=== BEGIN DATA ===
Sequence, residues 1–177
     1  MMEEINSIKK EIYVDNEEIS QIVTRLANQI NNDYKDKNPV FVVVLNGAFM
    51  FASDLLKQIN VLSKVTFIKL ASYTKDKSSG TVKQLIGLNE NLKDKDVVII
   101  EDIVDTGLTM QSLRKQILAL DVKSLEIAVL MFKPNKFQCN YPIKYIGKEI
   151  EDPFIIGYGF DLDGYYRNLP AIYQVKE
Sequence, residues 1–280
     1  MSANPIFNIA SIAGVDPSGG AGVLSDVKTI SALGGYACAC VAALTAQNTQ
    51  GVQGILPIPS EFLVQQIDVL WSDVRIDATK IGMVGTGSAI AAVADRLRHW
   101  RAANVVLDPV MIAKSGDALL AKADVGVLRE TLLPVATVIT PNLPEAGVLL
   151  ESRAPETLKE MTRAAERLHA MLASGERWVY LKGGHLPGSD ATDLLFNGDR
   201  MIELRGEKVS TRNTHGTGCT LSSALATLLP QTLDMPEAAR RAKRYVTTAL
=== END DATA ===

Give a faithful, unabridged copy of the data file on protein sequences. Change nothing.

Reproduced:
Sequence, residues 1–177
     1  MMEEINSIKK EIYVDNEEIS QIVTRLANQI NNDYKDKNPV FVVVLNGAFM
    51  FASDLLKQIN VLSKVTFIKL ASYTKDKSSG TVKQLIGLNE NLKDKDVVII
   101  EDIVDTGLTM QSLRKQILAL DVKSLEIAVL MFKPNKFQCN YPIKYIGKEI
   151  EDPFIIGYGF DLDGYYRNLP AIYQVKE
Sequence, residues 1–280
     1  MSANPIFNIA SIAGVDPSGG AGVLSDVKTI SALGGYACAC VAALTAQNTQ
    51  GVQGILPIPS EFLVQQIDVL WSDVRIDATK IGMVGTGSAI AAVADRLRHW
   101  RAANVVLDPV MIAKSGDALL AKADVGVLRE TLLPVATVIT PNLPEAGVLL
   151  ESRAPETLKE MTRAAERLHA MLASGERWVY LKGGHLPGSD ATDLLFNGDR
   201  MIELRGEKVS TRNTHGTGCT LSSALATLLP QTLDMPEAAR RAKRYVTTAL